The Story of Unity and Nationalism

Chris Salvemini
6 min readJul 3, 2019
For what it’s worth, I’m probably the reason my old high school doesn’t do the pledge. I refused to stand for it all throughout school, and I guess some administrators finally caught on that it was a stupid thing to do every morning. Yeah, I was an edgy kid.

There is nothing more dangerous than a good story. With it, any leader can find a horde of fervent followers behind them. Their unifying power is unparalleled — especially in the information age when anyone can carve a platform out from a Facebook account.

All it takes is an interesting tale, and anyone can manipulate everyone into believing they are alone, surrounded by enemies. The better storyteller a person is, the more control they have.

Just ask any authoritarian dictator. There are plenty to go around right now.

Rodrigo Duterte rose to power with tales of internal enemies, lurking within the homes of the lower classes who enjoyed rising to their own sorts of power through recreational drugs. Donald Trump spun stories about immigrants and other dangers pressing against US borders, stopping the country from being the best in the world. Jair Bolsonoro found his power by weaving myths about innate Brazilian greatness, inhibited by external and internal enemies that would be vanquished by his rule.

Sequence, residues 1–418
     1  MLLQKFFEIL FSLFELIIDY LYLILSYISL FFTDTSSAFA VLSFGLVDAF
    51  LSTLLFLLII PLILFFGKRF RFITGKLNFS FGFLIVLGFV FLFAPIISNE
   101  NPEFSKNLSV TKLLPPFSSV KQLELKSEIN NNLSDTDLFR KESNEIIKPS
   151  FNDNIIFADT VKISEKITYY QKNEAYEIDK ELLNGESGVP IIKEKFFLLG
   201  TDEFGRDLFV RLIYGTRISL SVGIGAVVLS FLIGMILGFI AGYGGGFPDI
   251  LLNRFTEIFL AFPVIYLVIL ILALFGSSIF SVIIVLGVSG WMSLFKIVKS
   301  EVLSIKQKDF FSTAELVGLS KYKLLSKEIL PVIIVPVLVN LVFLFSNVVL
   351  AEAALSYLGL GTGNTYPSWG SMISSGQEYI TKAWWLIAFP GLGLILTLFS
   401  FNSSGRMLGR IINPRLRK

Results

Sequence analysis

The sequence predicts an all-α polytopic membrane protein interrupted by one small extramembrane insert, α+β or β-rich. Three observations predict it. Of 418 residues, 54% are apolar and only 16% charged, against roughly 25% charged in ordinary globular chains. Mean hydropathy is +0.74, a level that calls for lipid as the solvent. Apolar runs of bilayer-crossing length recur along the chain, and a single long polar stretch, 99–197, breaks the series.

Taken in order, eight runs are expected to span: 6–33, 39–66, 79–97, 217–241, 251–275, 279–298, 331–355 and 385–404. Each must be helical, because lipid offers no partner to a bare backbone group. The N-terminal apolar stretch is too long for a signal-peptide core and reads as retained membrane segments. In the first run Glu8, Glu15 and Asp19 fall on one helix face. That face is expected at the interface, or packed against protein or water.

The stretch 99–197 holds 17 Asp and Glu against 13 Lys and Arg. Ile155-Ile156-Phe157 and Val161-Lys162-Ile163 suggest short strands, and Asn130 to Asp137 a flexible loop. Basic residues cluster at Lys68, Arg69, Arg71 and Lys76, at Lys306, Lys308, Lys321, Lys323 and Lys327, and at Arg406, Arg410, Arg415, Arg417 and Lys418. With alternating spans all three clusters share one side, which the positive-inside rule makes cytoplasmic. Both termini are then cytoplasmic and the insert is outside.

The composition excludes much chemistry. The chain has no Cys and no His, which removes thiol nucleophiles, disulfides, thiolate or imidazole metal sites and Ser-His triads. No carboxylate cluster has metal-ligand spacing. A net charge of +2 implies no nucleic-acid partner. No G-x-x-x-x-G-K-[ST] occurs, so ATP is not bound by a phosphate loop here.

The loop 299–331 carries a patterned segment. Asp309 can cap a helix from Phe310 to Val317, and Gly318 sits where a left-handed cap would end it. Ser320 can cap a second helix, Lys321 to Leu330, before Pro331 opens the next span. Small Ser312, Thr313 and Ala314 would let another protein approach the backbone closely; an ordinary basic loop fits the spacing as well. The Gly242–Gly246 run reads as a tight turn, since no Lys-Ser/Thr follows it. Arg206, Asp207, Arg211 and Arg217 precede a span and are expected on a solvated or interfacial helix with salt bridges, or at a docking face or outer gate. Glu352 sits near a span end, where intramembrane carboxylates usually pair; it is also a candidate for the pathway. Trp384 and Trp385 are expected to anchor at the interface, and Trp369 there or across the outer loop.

These myths are simple, and they all share similar thematic components. They usually feature a single hero, trapped within a nation under siege and who fights against all odds to serve a greater good: the nation. At the end of the myth, the hero raises their nation’s flag above all else.

Flying a flag doesn’t mean much, anyway. They’re the geopolitical equivalent to hanging a poster in your dorm room. They need to be taken down at the end of the semester.

That hero is usually the storyteller or the politician, but they are also the people of a nation. They are allegories that anyone can see themselves in, and their simplicity is their power.

Nationalism Is the Same, No Matter the Nation

National myths are the same, no matter the country. And so, nationalism is counter-intuitively the single greatest tool to erase borders unite the world. It does not matter whose flag flies at the end of a nationalist myth, but rather that a flag is raised at all. Audiences do not see themselves in the flag at the end; they see themselves in the person raising it.

Nationalism’s allure does not originate from the reverence of any single country, but rather the carnage and drama…

Chris Salvemini

Thoughts® are my own. At least, I think so